Feature | September 10, 2008 | Cristen C. Bolan

CR or DR in the ER?

The debate over CR and DR systems intensifies with portability and mammography features.

The FCR Go portable digital X-ray system by FUJIFILM Medical adds to the flexibility of CR use.

The FCR Go portable digital X-ray system by FUJIFILM Medical adds to the flexibility of CR use.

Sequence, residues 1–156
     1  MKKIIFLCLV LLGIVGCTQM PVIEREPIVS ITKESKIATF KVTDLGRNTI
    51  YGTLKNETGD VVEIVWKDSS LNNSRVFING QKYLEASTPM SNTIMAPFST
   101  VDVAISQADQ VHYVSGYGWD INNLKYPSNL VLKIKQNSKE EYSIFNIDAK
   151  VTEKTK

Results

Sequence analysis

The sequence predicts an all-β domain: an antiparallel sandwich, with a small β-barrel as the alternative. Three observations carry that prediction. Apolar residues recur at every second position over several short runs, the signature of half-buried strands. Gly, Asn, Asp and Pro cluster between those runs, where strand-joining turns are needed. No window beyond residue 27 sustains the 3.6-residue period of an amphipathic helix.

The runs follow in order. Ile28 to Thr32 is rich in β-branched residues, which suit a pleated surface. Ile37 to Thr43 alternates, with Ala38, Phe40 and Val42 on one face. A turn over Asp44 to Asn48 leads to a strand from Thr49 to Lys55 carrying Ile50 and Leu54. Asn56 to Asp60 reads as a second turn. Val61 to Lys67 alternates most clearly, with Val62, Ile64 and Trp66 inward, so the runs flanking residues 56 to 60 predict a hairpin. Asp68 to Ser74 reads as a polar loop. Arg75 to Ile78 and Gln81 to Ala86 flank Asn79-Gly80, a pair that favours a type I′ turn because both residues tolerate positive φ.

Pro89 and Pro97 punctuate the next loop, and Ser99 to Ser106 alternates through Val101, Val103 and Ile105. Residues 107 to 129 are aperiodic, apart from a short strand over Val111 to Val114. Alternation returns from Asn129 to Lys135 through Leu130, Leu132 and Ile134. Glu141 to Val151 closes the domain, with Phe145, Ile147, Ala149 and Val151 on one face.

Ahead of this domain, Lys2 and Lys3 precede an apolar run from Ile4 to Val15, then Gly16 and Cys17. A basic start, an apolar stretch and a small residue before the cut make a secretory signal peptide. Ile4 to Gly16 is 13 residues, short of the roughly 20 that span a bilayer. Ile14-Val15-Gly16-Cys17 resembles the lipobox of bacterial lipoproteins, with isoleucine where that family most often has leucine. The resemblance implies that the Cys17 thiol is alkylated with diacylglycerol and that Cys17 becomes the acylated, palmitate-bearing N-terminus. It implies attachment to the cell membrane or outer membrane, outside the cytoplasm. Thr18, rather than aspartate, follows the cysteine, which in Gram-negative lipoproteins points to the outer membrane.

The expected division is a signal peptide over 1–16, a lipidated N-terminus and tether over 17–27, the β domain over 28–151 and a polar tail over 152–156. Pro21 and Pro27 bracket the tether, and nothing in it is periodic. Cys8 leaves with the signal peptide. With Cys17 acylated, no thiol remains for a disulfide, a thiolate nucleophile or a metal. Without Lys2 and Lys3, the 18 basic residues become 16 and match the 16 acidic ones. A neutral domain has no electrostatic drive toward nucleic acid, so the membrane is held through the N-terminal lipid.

The conversion of a radiology department from film to digital, accompanied by the adoption of a new PACS, often sparks the debate over whether to purchase a computed radiography system (CR) or digital radiography system (DR). For many medical facilities, CR is more appealing in large part due to its portability and lower ticket price compared to DR. Plus, purchasing a CR eliminates the cost of renovating the X-ray room or retrofitting the equipment. However, the argument in favor of DR technology — that it facilitates higher patient throughput and provides better image quality — is causing many hospitals to consider purchasing a DR system for the emergency room (ER). While CR continues to dominate the general radiography market, recent technical advances in DR technology promise to give CR a run for its money. CR is Slick Many hospitals initially converted from film screen to CR because it is cheaper than DR and they can simply retrofit their old X-ray equipment using CR cassettes. “CR is very slick. The cassette is key,” noted Todd Minnigh, worldwide director of marketing, digital radiography, Carestream Health. And in an emergency department setting, cassettes are critical for providing flexibility, allowing clinicians to capture images in hard-to-reach angles. At Rush Health Systems, clinicians use the 350 and Xpress CR systems by Konica Minolta for every “plain X-ray exam, including chest X-rays, abdomen, hand and feet,” explained Jamie Feasel, the ER radiology manager. “We may need to shoot angles or go to the patient’s room when it is a serious trauma where the patient is too critical to go to our X-ray department. With the CR we can use our regular portable equipment that every hospital has and still have the benefits of the digital radiography,” said Feasel. “We have the 350 CR chest stand that is like a DR system and is really convenient when we have a lot of chest X-rays or a lot of abdomen X-rays and even for some ambulatory patients. It is really nice with the 350 chest X-ray to be able to do chest X-rays really quickly, and when you have 20 patients waiting to be done, every second counts.” More Portable and Affordable The big advantage of DR over CR has been improved productivity and higher image quality. However, these attributes are often outweighed by another consideration – cost. One of the biggest challenges of investing in a DR system is having the appropriate infrastructure to install it, or in many cases an existing room has to be renovated to accommodate a new system. Manufacturers have tried to work around these obstacles by developing portable DR systems. A portable DR would not require stripping out existing film or CR rooms. However, if CR scanners are getting smaller, less-expensive and more portable, then how would portable DR have an advantage, both clinically and economically, over the portable CR? This is the question Charles E. Willis, Ph.D., DABR, University of Texas M.D. Anderson Cancer Center, Houston, asks in the study “Clinical Utility of CR and DR in the ER.” Willis concludes that “digital bedside radiography promises to improve imaging for the sickest patients,” however he points out that the one problem with DR is still cost. Cutting costs in DR installations is a key area of focus for manufacturers. Carestream Health is currently launching the new Carestream DRX-1 System, a wireless DR detector that is the size of a standard cassette and can be used with existing wall stand or table-based buckys. What makes this system unique is the DR panels are the same size as CR plates being used at the moment - just pull the CR plate out and plug in the Carestream flat panel. This means the DR system is a direct replacement; no retrofitting and no modifications to existing analog equipment are required. Therefore, radiology rooms don’t need to retrofit or replace all their imaging equipment to go digital. New lightweight designs are also contributing to the new era of portable DR systems. Canon U.S.A. recently came out with a portable digital radiography (DR) system, the Canon CXDI-60G Portable Flat Panel Detector, which includes room-to-room installations and mobile X-ray systems. The lightweight detector has a detachable sensor cable designed to enable easy room-to-room installation from multiple locations to treat trauma patient’s bedside or in a wheelchair. The detector, which weighs 5.9 pounds and is less than an inch thick, offers an effective imaging area of 9 x 11 inches, enabling clinicians to X-ray hands, elbows, feet and knees, among the most common orthopedic examinations. An optional preview monitor allows X-ray images to be confirmed approximately three seconds after exposure. Whether it is an adjustable cord for room-to-room installations or wireless, these recent introductions attest to the fact that DR is moving toward portability. CR Moves into Mammo Before DR takes too big of a bite out of the market, CR has another feature up its sleeve - digital mammography. Factors driving the move toward CR mammography is cost-effectiveness, the ability to retrofit a unit and flexibility. In addition, CR can provide a smoother transition into digital mammography for many facilities seeking to take the first step into the digital territory. Fuji now offers an FDA-cleared CR used with a mammography component called the FCRm. Also, Health Canada recently approved Carestream Health’s mammography feature offered with its new KODAK DIRECTVIEW Classic and Elite CR systems, allowing Canadian healthcare facilities to perform mammography exams with these CR systems. Plus, there are more models on the way. The advantage of CR for mammography (CRm) is that it may speed the transition to digital mammography because it doesn’t necessarily require an investment in an entirely new system as it can be used with existing equipment. Plus, it allows digital storage and image manipulation. For many outpatient centers seeking to attract more patients and more revenue, offering digital mammography is an alluring extension to their service portfolios. “Hospitals and women’s imaging facilities that are in the business of women’s imaging have a strong incentive to provide FFDM. Reimbursements and now even patient awareness are driving this need. The choice between detector technology used in the FFDM modality should be driven based on image quality and overall workflow of the environment,” said Robert E. Cooke, executive director of marketing, network systems, FujiFilm Medical Systems USA. “The entire care cycle in women’s imaging, particularly in screening applications, requires very high-end-to-end throughput and strong image quality. Fuji’s FFDM modality, coupled with Synapse, offers this unique combination.” Cooke added, “As more detector technologies emerge on the market through down classification and/or other PMA approvals, we feel this will benefit the entire industry, and offer more choices to the facility and patients, and more opportunity for us to differentiate with our solution.” CR, however, has a few obstacles to overcome before it supplants the film for mammography. To begin with, the ACRIN study limited digital’s superiority to a smaller sub-class of female patients. As for the workflow, digital is reportedly equal to that of film and the effectiveness of computer-aided detection (CAD) systems as a second read is still under scrutiny. Facilities should also be aware that simply adding on another piece of equipment is not enough. A workflow redesign should complement the transition. To facilitate the adoption of CR for mammography, companies like Carestream Health offer a digitizer to convert film-based priors to a DICOM-based digital imaging format to compare with current digital images. Fuji and iCAD recently received 510(k) clearance for SecondLook Digital, a CAD solution designed specifically for its Fuji’s CR for mammography system (FCRm). SecondLook Digital for FCRm is the first CAD product available in the U.S. for use with CR. Hologic offers the R2 DigitalNow solution to bridge to a digital environment, allowing mammography departments to digitize priors and archive to PACS for use in a soft-copy viewing environment. The industry is clearly betting on CR for mammography to become an appealing add-on for hospitals and outpatient centers. But the question remains — if CR for mammography does win the hearts of the end-users, will this fact add more fuel to the fire in the ongoing debate over purchasing a CR or a DR system for the ER? Whether CRm is the deciding factor is yet unclear.